Communication and Civic Participation
at The University of Texas at Austin
Associate Professor, Department of Communication Studies
Associate Director, Annette Strauss Institute for Civic Participation
University of Texas at Austin
What is citizenship? What are the characteristics of a good citizen?
Many look to high school government courses and college political science courses to help students grapple with these questions. Scholars have voiced frustration, however, with contemporary efforts to teach citizenship and civic participation. Some forward structural concerns, which claim that it is nearly impossible to teach empowered citizenship and democratic processes in the hierarchical context of schools and school classrooms (McMillan, 2004). Others advance a curricular critique, fearing that the sanitized content appearing in widely adopted textbooks prevents the discussion of current issues, conflicts, controversies, and local matters that would be most meaningful for students (Hibbing & Theiss-Morse, 1996; Knight-Abowitz & Harnish, 2006). Still others bemoan historical shifts, noting how schools used to offer civics courses with practical skills instruction but, over the years, such instruction unfortunately has become more closely tied to information that can be assessed on standardized tests (Kahne & Westheimer, 2003).
The attached political communication course, Communication and Civic Participation, was born out of a desire to supplement contemporary civic instruction.
It was inspired by the American Trustees (AT) Project at the Annette Strauss Institute for Civic Participation at the University of Texas. The AT Project contains a collection of short biographical films of everyday people engaging in extraordinary acts and aims to help students see how they can make an important difference in their communities and in the world.
I built this course on four assumptions about millennial students (students born in 1982 or later). Namely:
1. Millennial students have come of age in a time of partisanship, presidential scandal and political cynicism, and feel distanced from political life (Mindich, 2005).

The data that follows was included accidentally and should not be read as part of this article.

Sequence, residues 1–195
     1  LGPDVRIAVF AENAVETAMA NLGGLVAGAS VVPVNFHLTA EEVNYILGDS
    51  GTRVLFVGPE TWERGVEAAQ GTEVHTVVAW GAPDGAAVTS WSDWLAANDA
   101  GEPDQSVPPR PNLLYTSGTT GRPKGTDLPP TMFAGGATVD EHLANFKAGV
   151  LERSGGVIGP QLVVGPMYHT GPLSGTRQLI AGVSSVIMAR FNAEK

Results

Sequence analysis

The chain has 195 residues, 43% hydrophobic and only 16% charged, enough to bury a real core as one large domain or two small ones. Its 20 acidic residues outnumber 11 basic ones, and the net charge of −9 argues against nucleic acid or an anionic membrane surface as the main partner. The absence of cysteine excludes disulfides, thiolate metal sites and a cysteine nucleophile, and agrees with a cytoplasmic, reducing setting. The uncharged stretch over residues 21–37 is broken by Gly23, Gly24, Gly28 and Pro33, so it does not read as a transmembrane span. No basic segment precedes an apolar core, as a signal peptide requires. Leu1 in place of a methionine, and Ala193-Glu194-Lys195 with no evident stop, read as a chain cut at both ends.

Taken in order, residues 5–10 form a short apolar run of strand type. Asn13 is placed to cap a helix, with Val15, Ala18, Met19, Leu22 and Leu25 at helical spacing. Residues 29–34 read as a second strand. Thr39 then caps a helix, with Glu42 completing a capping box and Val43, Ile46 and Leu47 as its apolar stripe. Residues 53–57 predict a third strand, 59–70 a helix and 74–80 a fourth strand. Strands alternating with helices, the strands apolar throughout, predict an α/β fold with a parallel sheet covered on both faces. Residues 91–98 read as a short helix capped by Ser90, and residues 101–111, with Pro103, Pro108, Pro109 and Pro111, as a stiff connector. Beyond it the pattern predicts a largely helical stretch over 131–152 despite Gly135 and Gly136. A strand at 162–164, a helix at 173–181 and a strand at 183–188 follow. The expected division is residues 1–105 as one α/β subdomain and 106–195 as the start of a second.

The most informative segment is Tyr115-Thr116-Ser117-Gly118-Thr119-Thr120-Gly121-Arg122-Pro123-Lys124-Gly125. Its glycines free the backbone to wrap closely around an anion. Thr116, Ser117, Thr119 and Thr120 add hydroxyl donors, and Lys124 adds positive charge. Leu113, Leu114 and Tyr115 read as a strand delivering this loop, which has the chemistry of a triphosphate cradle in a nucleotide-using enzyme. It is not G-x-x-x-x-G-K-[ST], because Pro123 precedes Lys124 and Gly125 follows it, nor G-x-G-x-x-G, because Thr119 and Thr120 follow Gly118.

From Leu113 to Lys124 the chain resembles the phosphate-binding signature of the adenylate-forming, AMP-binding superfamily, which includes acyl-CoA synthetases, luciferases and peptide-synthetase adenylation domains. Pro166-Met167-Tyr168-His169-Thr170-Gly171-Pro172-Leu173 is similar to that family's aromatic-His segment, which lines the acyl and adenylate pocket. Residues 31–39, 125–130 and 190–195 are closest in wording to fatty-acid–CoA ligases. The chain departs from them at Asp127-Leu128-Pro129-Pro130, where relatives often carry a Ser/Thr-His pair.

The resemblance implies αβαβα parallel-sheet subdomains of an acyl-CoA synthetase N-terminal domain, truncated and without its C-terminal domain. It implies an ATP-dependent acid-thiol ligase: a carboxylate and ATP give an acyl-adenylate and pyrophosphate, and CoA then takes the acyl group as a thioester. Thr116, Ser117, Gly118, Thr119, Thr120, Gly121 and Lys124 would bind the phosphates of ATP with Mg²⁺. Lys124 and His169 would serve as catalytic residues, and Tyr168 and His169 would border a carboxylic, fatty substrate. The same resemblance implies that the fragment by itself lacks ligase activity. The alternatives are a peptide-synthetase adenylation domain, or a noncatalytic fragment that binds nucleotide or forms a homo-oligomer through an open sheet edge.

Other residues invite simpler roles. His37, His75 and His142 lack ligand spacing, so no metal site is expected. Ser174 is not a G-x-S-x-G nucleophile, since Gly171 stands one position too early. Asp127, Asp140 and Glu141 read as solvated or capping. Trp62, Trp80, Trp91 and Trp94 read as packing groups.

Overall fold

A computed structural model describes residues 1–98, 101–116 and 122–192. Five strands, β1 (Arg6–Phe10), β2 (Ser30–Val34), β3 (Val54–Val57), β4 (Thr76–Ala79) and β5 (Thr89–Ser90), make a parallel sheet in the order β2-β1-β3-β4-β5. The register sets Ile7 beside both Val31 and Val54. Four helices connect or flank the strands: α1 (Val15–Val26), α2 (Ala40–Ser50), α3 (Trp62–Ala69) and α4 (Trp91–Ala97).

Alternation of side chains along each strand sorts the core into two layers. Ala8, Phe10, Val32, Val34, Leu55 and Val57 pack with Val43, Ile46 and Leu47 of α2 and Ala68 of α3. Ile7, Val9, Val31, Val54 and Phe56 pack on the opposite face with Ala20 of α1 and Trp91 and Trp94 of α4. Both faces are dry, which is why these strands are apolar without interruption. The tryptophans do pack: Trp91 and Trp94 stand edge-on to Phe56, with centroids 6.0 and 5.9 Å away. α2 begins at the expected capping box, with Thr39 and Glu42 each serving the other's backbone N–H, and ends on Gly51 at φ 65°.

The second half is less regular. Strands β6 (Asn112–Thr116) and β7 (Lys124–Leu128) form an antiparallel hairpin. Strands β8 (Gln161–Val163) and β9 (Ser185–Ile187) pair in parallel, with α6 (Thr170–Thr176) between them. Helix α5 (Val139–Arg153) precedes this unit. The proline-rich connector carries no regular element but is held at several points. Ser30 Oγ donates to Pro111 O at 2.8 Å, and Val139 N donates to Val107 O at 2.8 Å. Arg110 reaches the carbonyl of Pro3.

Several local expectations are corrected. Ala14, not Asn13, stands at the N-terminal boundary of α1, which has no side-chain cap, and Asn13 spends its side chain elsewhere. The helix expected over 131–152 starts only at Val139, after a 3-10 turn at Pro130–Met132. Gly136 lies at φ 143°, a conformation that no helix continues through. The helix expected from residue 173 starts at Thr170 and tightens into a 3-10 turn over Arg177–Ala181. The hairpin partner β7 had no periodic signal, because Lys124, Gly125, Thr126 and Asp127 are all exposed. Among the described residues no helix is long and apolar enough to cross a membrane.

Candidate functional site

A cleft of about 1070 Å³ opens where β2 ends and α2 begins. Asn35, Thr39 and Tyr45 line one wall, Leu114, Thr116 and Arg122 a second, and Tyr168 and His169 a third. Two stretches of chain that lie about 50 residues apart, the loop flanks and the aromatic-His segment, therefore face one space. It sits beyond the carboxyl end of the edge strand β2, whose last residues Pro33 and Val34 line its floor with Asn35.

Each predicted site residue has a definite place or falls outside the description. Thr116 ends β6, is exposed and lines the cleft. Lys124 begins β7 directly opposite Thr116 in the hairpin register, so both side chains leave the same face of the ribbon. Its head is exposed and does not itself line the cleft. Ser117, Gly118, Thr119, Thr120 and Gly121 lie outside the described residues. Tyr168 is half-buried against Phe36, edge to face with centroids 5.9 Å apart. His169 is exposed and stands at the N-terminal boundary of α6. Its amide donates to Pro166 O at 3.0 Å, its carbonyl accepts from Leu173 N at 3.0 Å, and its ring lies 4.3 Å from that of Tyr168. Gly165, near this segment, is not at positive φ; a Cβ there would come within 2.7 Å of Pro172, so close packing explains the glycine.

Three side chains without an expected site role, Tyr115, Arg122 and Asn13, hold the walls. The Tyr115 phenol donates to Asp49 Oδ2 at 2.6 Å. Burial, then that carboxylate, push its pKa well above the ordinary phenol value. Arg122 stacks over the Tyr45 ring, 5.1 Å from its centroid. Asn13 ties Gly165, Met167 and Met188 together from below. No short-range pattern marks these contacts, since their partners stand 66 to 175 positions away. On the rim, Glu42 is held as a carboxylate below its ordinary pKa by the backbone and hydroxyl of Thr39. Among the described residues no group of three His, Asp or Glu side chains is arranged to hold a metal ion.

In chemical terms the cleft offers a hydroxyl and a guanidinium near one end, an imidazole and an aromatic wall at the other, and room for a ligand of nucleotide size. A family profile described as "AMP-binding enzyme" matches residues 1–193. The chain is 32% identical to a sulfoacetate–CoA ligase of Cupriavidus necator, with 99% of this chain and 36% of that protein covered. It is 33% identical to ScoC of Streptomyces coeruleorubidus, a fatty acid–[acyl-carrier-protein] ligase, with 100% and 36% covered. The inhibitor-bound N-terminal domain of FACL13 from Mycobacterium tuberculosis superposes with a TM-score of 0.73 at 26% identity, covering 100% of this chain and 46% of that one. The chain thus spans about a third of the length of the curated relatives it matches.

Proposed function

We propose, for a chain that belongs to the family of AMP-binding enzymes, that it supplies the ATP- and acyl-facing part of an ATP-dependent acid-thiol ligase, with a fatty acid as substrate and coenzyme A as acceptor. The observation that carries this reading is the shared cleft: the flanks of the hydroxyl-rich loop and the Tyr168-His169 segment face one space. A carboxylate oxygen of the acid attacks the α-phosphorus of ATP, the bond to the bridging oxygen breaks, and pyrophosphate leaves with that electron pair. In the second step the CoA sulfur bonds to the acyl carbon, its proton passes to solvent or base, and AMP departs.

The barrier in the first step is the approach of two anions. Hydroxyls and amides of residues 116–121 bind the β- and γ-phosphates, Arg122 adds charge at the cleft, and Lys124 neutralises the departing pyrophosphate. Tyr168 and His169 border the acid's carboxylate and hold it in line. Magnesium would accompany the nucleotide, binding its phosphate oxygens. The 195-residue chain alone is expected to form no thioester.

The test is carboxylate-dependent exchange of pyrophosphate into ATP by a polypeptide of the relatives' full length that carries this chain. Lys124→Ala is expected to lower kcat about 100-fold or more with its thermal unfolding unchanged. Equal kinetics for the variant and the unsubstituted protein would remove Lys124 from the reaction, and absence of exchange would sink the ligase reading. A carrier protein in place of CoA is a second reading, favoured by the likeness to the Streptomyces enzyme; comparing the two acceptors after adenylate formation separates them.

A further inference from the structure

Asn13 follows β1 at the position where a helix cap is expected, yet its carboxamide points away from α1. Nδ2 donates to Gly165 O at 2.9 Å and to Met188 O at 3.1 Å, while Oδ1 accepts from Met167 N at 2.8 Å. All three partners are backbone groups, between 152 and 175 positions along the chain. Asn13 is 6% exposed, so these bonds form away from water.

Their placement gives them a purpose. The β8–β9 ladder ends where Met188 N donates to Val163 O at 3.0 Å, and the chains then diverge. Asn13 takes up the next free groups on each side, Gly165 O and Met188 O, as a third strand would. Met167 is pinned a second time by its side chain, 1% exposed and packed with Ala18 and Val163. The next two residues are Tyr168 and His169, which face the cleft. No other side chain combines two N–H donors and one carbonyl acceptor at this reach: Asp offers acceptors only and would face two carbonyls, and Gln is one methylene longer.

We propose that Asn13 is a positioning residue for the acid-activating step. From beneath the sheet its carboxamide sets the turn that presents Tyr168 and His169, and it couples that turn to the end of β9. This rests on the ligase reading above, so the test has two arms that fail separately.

2. Millennial students have a more global worldview than their parents and grandparents, and question curriculum that focuses purely on national level concerns (Dalton, 2007).
3. Millennial students are a good fit for team-based projects that involve media and technology (Coomes & DeBard, 2004).
4. Millennial students are heavily influenced by their peers; asking young people to create narratives to persuade each other can influence both the authors and the audiences of pro-social causes (Strauss & Howe, 1997).
The attached syllabus describes this college-level course. Specifically, students study definitions of citizenship and trends in civic and political participation, select an approach to citizenship that is meaningful to them, work in groups to locate a role model who embodies that form of citizenship, create a five-minute documentary film about that role model, share the film with classmates and post it to youtube.com, and engage in self-reflection about the process. Two recent class films can be viewed online: Senator Leticia Van de Putte, a Texas State Senator who shares how she went from being a pharmacist to a state politician; and Queen Lola, a local restaurant owner who feeds and houses the homeless out of her restaurant. Additionally, recent reviews of the class can be viewed in Communication Teacher (Jarvis & Han, 2010a) and The Electronic Journal of Communication (Jarvis & Han, 2010b).
Coomes, M. D., & DeBard, R. (2004). A generational approach to understanding students. New Directions for Student Services, 106, 5-16.
Dalton, R. (2007). The good citizen: How a younger generation is reshaping American politics. Washington D.C.: Congressional Quarterly Press.
Hibbing, J. R., & Theiss-Morse, E. (1996, March). Civics is not enough: Teaching barbarics in K-12. PS: Political Science & Politics, 29(1), 57-62.
Jarvis, S.E., & Han, S. (2010a). Teaching citizenship: Student-led documentary film projects in the communication classroom. Communication Teacher, 24, 35-42.
Jarvis, S. E., & Han, S. (2010b). Communication and civic participation: Promoting engaged citizenship through digital filmmaking, Electronic Journal of Communication, 20, Article 2.
Kahne, J., & Westheimer, J. (2003, September). Teaching democracy: What schools need to do. Phi Delta Kappan, 34-40, 57-66.
Knight-Abowitz, K., & Harnish, J. (2006). Contemporary discourses of citizenship. Review of Educational Research, 76(4), 653-690.
McMillan, J. (2004). The potential for civic learning in higher education: ''Teaching democracy by being democratic.'' Southern Communication Journal, 69(3), 188-205.
Mindich, D. (2005). Tuned out: Why Americans under 40 don't follow the news. New York: Oxford University Press.
Strauss, W., & Howe, N. (1997). The fourth turning. New York: Broadway.
Dr. Sharon E. Jarvis (Ph.D., University of Texas-Austin, 2000) has been the recipient of numerous teaching awards and honors, including the Texas Exes Outstanding Professor for the College of Communication, the Eyes of Texas Teaching Award (in 2001 and 2009), the Outstanding Professor in the College of Communication, the Glen Maloney 40 Acres Award, and the Texas Blazers' Faculty Excellence Award. In 2010, she was admitted to the Academy of Distinguished Teachers, and in 2005, she was the second Assistant Professor in the history of the University to receive the Friar Centennial Teaching Fellowship, the largest undergraduate teaching honor at U.T. Austin.